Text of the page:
The results “will give new insight into the propagation and interaction processes and the origin of the highest energy cosmic rays in our galaxy,” said Kazumasa Kawata, of the University of Tokyo’s Cosmic Ray Research Institute in Kashiwa, Japan.
The highest energy cosmic ray ever detected carries over a quintillion electron volts – equivalent to the kinetic energy of a baseball moving at 100 mph (160 km/h), or millions of times more energy than the particles created in the largest particle. . Collider on Earth.
Today, scientists still do not have a clear answer about the actual source of cosmic rays. Since they are mainly composed of protons, their electrically charged nature means that they do not move in a straight line, and are instead deflected by the magnetic fields of the universe. This means that basic information about their birthplace will be lost when they arrive on Earth, Kawata wrote.
Therefore, by studying the number, distribution and energy spectrum of these gamma rays, scientists can glimpse the origins of cosmic radiation.
Due to the limited sensitivity of the detectors, previous observations of the gamma-ray haze in the Milky Way were performed with space telescopes at energies below a trillion electron volts.
When LHAASO was completed in 2021, it became the world’s largest and most sensitive observatory for detecting gamma rays and very high energies cosmic rays. A key component of LHAASO is called the Kilometer Square Array, or KM2A, which includes about 5,200 surface electromagnetic detectors and nearly 1,200 underground muon detectors.
The researchers first removed dozens of gamma-ray sources that are pointy — rather than diffuse — in the galaxy. They then made one of the most comprehensive and precise measurements of the gamma flare distribution over a wide energy range of 0.1-1 PeV and across a large area of the galaxy, including the inner and outer galactic levels.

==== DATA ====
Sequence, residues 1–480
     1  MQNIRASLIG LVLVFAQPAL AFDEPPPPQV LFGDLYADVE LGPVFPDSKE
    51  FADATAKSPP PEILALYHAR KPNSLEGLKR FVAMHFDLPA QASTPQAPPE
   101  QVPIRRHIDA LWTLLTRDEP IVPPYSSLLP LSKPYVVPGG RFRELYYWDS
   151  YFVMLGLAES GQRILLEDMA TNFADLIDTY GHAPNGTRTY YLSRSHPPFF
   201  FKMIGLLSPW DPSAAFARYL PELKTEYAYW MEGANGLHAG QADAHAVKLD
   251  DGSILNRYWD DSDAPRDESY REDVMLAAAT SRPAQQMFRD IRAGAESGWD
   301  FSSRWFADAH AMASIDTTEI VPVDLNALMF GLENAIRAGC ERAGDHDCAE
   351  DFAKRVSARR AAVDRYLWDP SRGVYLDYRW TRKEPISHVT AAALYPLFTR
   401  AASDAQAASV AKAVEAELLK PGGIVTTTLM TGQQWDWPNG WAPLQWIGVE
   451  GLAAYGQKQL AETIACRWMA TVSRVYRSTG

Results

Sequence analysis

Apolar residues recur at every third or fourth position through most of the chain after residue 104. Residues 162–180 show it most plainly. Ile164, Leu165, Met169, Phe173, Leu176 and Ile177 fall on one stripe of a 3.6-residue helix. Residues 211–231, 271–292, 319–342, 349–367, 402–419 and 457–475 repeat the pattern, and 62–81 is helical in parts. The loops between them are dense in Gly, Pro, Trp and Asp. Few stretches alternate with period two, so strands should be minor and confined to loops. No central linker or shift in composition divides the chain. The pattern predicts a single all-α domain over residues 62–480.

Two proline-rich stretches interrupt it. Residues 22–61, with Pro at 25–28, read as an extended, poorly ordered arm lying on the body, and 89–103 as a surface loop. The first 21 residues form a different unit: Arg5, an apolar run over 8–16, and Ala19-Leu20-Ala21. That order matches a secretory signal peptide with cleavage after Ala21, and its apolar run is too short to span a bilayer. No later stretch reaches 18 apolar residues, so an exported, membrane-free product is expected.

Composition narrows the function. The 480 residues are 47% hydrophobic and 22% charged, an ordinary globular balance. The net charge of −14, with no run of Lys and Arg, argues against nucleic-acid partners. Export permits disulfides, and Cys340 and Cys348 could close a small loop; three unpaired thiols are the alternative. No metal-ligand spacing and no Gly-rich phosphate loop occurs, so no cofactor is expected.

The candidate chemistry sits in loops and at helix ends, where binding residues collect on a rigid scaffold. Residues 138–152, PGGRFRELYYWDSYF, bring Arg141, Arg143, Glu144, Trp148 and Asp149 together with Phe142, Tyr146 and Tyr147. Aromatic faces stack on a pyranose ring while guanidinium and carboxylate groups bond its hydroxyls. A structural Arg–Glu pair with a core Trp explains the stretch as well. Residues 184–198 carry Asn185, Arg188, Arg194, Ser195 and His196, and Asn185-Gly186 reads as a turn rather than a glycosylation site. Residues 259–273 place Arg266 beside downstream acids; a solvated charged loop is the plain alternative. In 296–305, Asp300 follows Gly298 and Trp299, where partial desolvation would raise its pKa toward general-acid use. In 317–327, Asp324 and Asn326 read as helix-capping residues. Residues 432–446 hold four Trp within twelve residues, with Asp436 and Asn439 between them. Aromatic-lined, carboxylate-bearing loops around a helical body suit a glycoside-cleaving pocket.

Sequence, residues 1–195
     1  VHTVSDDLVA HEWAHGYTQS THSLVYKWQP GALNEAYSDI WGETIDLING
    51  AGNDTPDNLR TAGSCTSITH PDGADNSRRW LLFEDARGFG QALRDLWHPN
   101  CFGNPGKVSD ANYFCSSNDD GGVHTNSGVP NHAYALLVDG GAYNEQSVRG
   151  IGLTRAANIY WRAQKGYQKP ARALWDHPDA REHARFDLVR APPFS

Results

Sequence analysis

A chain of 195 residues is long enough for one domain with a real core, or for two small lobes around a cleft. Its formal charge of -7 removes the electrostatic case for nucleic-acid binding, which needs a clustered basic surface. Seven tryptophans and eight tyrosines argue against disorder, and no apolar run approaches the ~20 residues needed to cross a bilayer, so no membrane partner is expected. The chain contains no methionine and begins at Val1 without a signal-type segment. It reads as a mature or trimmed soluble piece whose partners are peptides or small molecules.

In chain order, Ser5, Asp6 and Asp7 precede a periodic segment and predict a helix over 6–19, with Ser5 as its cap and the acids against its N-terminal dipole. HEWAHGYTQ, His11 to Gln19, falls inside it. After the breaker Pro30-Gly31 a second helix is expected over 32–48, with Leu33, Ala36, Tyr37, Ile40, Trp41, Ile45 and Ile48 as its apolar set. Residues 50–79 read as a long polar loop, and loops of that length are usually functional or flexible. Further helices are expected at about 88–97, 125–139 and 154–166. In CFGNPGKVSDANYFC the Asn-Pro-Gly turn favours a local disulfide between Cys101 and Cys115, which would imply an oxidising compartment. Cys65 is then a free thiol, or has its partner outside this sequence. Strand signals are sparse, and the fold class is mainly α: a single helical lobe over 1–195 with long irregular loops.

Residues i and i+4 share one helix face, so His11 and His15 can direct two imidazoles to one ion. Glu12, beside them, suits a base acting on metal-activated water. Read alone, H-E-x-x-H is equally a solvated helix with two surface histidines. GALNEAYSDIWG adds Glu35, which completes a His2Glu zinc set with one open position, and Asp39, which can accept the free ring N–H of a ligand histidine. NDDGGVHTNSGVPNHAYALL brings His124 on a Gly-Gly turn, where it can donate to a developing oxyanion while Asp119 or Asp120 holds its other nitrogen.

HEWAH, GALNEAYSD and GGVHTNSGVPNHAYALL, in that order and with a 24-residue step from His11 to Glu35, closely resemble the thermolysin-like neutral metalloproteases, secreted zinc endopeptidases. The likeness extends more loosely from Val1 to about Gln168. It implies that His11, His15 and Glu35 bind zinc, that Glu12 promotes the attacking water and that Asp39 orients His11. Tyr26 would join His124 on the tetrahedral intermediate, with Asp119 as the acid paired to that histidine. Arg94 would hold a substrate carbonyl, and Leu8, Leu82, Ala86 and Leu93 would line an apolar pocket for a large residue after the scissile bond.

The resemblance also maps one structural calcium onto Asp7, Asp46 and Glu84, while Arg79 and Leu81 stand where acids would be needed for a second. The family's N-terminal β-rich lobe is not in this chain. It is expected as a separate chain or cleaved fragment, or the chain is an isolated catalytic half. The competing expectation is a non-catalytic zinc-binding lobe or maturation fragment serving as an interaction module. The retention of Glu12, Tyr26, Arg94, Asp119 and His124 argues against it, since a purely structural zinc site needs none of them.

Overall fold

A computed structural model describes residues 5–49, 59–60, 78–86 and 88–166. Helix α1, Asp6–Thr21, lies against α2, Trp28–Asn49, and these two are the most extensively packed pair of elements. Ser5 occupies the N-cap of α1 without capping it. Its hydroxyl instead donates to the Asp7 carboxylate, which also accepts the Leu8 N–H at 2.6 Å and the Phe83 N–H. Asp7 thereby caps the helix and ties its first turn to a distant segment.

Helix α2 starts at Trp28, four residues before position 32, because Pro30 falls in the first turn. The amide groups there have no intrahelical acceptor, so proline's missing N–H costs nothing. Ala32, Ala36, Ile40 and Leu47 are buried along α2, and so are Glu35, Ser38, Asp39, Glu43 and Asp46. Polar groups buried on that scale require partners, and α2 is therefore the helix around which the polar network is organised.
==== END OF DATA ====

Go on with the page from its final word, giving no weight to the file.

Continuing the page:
To their surprise, the number of scattered gamma rays measured by LHAASO is two to three times higher than expected cosmic ray collisions with interstellar gas.
Also different from expectations, the energy spectrum of gamma emission can be expressed by a single power law without any discontinuity, contradicting the popular theory that very high-energy cosmic rays would be trapped by the galaxy’s magnetic fields for a long time. , anywhere between 10,000 and 10 million years ago, before they finally escaped from the pool.
“The discrepancy suggests that additional sources of gamma rays are hidden in our galaxy, or that cosmic ray densities change depending on the location in our galaxy,” said Kawata, who worked on a Sino-Japanese collaboration project called Tibet AS-gamma. Experience for many years.
Kawata noted that it will be important for the world’s major cosmic ray detectors to confirm each other’s observational results in the future.
For example, a recent map of the Milky Way released by the US-led IceCube Collaboration, which studies cosmic neutrinos thousands of meters below the South Pole, has provided strong evidence of interactions between cosmic rays and interstellar gas.
By putting these pieces together, scientists should be able to gain more knowledge about the mysterious origins of cosmic radiation, he said.
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